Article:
When we work with our horses we expect them to behave in a cool, calm and logical manner at all times, yet all too often we have difficulties keeping our emotions under control. Keep in mind that horses are herd animals, and as such they adopt the behaviour (and to some extent emotional states) of those around them. This will not change just because you are working with the horse one-on-one; whatever emotions or bad habits you exude will very likely be picked up by, and absorbed by, your equine partner.

The old school of thought when it comes to horse training stated that the best way to train a horse was to dominate it with sheer physical and/or angry force. Horses are generally not conflict-prone creatures, so when faced with the overwhelming negativity they would first attempt to flee, and then submit if their path of escape was barred or unavailable. Does this theory work? At best you can say it can force a horse to do your will, albeit in an unhappy and untrustworthy manner.

Angry trainers produce angry or insecure horses. While such horses may submit to the will of their angry trainer for the time being, one of two things will inevitably happen:

 

Once the horse becomes more fearful of a person or situation than it is the trainer, the horse will freak out and very likely injure the trainer. Once the horse is sold or passed on to a gentle handler, chances are strong the horse will take out its pent-up anger on the innocent humans, becoming a risk.

Luckily in this day and age, few of us reading this would think to adopt such forceful methods of training, but don't dismiss the effect of subtle anger or frustration. Horses are extremely perceptive animals and can detect emotional states better than most humans, so even if you plaster a fake smile on your face, if you're becoming annoyed or frustrated at your partner's poor performance or confusion, you can almost rest assured your horse will pick up on those emotions. While he may not come to fear or despise

you with subtle negative emotional cues, you will compound the horse's confusion or difficulty for that session.

Fear is another emotion that can cause devastating effects during a training session, but unfortunately it's not as easy to suppress as anger. You can't just flip fear on or off like a light switch. Because of this, it's essential that you never push yourself beyond YOUR comfort zone with your horse, because as your horse is exposed to new and potentially frightening requests and environments he will look to you for reassurance that everything is going to be okay.

If you are sitting rigid atop your horse and holding your breath, fearful that your horse may spook at the car coming around the corner, then you created a self-fulfilling prophecy. When the car finally arrives, the nervous horse will look to you, see that you are also afraid and allow the flight instinct to take over. Your fear will validate the horse's fear. Although professionals riding horses are not as prone to being influenced by a nervous rider, it's not far-fetched to witness an experienced riding horse deteriorate by consistent exposure to a fearful rider. So remember at all times you work with your horse: if you expect your horse to behave in a cool, calm and logical manner, it's essential that you do so too.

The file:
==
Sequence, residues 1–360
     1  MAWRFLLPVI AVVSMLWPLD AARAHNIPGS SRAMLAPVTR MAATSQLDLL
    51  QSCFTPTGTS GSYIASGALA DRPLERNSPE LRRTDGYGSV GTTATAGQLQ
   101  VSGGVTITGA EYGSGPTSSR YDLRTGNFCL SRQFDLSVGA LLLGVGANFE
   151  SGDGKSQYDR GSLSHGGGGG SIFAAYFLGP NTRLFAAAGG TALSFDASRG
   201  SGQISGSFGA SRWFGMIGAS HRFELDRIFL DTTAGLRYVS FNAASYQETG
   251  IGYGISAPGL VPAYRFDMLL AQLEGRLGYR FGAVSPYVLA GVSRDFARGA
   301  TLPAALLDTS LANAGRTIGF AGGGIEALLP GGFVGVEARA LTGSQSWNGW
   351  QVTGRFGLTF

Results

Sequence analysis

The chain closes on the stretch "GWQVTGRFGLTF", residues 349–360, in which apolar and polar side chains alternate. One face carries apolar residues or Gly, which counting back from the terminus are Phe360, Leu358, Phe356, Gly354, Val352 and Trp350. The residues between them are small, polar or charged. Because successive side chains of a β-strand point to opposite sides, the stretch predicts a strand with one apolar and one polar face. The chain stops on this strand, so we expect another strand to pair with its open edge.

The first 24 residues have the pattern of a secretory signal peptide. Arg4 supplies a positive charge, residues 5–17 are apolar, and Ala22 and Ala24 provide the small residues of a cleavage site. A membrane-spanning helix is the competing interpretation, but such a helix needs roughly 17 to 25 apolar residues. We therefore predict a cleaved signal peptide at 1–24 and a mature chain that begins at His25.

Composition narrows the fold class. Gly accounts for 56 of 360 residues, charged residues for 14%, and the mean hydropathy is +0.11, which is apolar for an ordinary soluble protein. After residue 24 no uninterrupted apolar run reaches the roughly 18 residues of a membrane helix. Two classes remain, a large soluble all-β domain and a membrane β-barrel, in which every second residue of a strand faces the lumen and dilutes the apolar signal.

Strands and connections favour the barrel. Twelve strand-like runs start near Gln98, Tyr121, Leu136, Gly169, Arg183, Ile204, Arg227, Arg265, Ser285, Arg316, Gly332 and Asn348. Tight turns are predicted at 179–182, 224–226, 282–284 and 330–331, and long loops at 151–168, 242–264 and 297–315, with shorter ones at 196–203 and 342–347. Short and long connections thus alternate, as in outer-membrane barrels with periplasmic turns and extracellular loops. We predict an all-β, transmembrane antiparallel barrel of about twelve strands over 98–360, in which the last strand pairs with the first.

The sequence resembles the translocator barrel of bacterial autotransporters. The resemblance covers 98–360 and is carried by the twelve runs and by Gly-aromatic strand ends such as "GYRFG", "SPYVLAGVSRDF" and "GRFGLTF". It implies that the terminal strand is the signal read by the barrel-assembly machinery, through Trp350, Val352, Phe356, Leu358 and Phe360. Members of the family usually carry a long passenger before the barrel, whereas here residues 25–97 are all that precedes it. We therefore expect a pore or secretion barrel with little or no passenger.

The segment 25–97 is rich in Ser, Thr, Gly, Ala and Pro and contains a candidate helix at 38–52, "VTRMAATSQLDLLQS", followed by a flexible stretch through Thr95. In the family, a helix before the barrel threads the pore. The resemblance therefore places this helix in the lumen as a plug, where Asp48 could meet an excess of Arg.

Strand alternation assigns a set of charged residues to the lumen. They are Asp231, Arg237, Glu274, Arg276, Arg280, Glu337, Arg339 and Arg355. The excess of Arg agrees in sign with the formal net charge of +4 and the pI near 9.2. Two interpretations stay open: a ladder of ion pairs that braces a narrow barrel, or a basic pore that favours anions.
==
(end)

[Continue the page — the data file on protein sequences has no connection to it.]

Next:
Patience

Patience, inexhaustible patience, is necessary so the horse understands what we want of him/her. Patience is also equally necessary in order not to grow immoderately demanding.

Power of observation

The greatest asset we have in the entire process of training a horse is our power of observation. When a trainer issues a cue, s/he must study the response from his partner the horse. If we watch the horse, s/he will tell us if s/he understands what we want. Constantly observe your horse in an effort to understand his/her responses?

 

Importance of Thinking Time & Softness

I can not over emphasize the importance of “Thinking Time and “Softness”! You absolutely can not force, during the Foundation Education process you can create an experience for the horse through which understanding develops. In fact, we owe it to the horse to help them in this way to treat them as we would like to be treated.

 

Relaxation

Relaxation; it's just one simple word, yet it holds the very key to success for not only horse-handler relationships, but also life in general. Most people would agree with this sentiment on its surface, but fail to truly understand its importance when faced with hectic schedules or life's annoyances. Let's look at why it's essential for both horses and handlers to be relaxed before undergoing training or a trail ride.

The Big Secret when training, handling and/or riding

Horse owners are much like people of any other stripe or occupation: they often seek the magic bullet that will solve all their horse-oriented problems or questions in one fell swoop. The problem is, when faced with a scenario such as; "My horse, who I've owned one week, fights the bit when I attempt to ride him. Can you help me?" There is no single answer. There is no magic bullet. I try to help folks out as often as possible, but when presented with a vague hypothetical such as the above one, what magic bullet could you provide? What quick tidbit of advice could you impart that would instantly solve the horse owner's problem? If you know of such a magic bullet, you're a better person than I am.

 

Here are just a few of the questions that pop into mind when faced with the above question:  How old is your horse? How many years has your horse worked under saddle? What breed is your horse? How experienced are you as a rider or handler? What cues do you use while riding? Does the horse consistently have the behaviour problem? If not, can a pattern be detected as to when and where the horse fights the bit? Where do you ride – inside an arena, or out on the trail? How do you react when he starts fighting the bit? Before purchasing the horse, did you get a vet to check his mouth and physique that would rule out potential physical reasons for the horse's resistance? What corrective actions have you attempted when confronting the negative behaviour?